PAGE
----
COVID-19’s Impact on Law Firms’ Escrow Handling
June 17, 2020
By Nina Kelleher
We have all heard the stories or read the news articles with headlines regarding an attorney being fined, suspended, or in some cases disbarred for misappropriation or misuse of client escrow funds. This often leaves the law firm, the victim and the public scratching their heads wondering how this could happen. Escrow accounts are often a prime area for processing errors and target of fraud perpetrated internally or externally. The reputational damage resulting from a negative escrow account incident may be haunting for those involved. In this blog, we will analyze how the transition to a remote workforce, due to COVID-19 restrictions, has increased the susceptibility of escrow accounts to fraudulent activity.
Law firms hold a tremendous responsibility to guard their clients’ escrow funds. As a fiduciary, the law firm must safeguard escrow funds in accordance with the “Rules of Professional Conduct” (the Rules) of the state(s) in which the law firm operates. Among other requirements, client escrow funds are to be maintained in an account separate from the law firm’s operating account or any of the attorneys’ personal accounts.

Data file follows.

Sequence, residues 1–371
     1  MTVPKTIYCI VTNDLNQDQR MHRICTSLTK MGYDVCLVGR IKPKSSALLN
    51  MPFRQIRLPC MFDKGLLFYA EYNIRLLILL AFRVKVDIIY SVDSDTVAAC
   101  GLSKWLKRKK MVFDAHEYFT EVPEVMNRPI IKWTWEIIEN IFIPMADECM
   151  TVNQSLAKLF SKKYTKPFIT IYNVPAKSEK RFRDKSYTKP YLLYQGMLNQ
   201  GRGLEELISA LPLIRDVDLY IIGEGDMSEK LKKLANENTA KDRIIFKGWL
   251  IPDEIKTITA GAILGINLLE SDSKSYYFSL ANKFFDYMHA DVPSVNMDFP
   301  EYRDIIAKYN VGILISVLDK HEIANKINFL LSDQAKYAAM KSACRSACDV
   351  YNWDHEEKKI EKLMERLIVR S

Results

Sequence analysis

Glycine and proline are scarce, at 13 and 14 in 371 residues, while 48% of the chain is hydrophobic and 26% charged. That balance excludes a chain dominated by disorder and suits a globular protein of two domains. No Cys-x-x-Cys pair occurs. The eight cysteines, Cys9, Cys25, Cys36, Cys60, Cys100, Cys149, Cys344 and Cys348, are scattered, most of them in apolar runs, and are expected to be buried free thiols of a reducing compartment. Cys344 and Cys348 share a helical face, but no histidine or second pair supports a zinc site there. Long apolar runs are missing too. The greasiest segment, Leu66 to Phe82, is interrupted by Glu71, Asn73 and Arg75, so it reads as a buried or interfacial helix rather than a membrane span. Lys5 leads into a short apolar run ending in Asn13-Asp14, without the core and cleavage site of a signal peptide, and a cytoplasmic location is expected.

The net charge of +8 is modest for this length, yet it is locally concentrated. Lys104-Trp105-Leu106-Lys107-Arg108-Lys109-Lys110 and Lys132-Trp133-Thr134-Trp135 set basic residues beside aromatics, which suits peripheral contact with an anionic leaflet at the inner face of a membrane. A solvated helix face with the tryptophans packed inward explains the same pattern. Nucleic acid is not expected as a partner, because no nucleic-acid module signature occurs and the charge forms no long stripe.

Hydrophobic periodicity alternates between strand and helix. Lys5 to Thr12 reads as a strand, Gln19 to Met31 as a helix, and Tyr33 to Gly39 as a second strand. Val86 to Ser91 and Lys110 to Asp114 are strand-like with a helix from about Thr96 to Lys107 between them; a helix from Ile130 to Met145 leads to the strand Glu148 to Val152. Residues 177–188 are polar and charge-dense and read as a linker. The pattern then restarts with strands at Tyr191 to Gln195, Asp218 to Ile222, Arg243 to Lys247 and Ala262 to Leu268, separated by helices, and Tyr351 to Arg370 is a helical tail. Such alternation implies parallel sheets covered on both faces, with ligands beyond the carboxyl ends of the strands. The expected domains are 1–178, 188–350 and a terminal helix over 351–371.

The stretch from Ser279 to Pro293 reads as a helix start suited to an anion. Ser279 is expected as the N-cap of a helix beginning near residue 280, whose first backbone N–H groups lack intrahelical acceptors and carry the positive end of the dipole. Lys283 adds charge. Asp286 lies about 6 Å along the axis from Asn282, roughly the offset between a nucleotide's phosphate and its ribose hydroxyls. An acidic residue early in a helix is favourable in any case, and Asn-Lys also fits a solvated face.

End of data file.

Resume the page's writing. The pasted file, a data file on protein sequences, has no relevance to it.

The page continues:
Many law firms have preemptively elected for an independent review over their escrow policies and procedures to identify issues or gaps in current processes. Law firms looking to enhance their escrow procedures can benefit greatly by applying the following measures:
- Strengthening controls over user access;
- Implementing proper management review;
- Maintaining segregation of duties; and
- Reducing manual procedures.
In recent months, we have seen COVID-19 and the resulting remote workforce amplify escrow account process inefficiencies and highlight the existence of control gaps. Due to the unprecedented transition to a work from home (WFH) environment, firms experienced significant challenges translating manual procedures to operate in a remote environment. Segregation of duties, particularly around the disbursement of escrow funds, became paramount, not only for internal safeguarding measures, but to protect law firms from the uptick in external threats, such as phishing campaigns.
Process automation, which was often viewed as a luxury, is now a more viable solution for some. By introducing bots into the escrow process, law firms are able to ‘add a body’ without incurring additional headcount. Leveraging process automation tools such as UI Path’s Robotics Process Automation (RPA) or the Blackline application for reconciliations and cash matching centralizes and streamlines the process, therefore providing greater transparency and control.
These are only a few examples of how law firms are able to achieve greater controls around escrow account procedures, while providing the organization with the flexibility to adopt a hybrid, remote and in-office, workforce in a post-COVID-19 world.
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